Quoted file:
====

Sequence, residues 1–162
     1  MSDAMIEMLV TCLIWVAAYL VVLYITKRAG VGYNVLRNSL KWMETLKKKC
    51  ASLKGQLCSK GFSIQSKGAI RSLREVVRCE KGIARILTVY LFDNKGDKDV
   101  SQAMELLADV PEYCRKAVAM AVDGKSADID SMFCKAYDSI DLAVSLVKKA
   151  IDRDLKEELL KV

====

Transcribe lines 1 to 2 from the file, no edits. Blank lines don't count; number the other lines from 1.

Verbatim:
Sequence, residues 1–162
     1  MSDAMIEMLV TCLIWVAAYL VVLYITKRAG VGYNVLRNSL KWMETLKKKC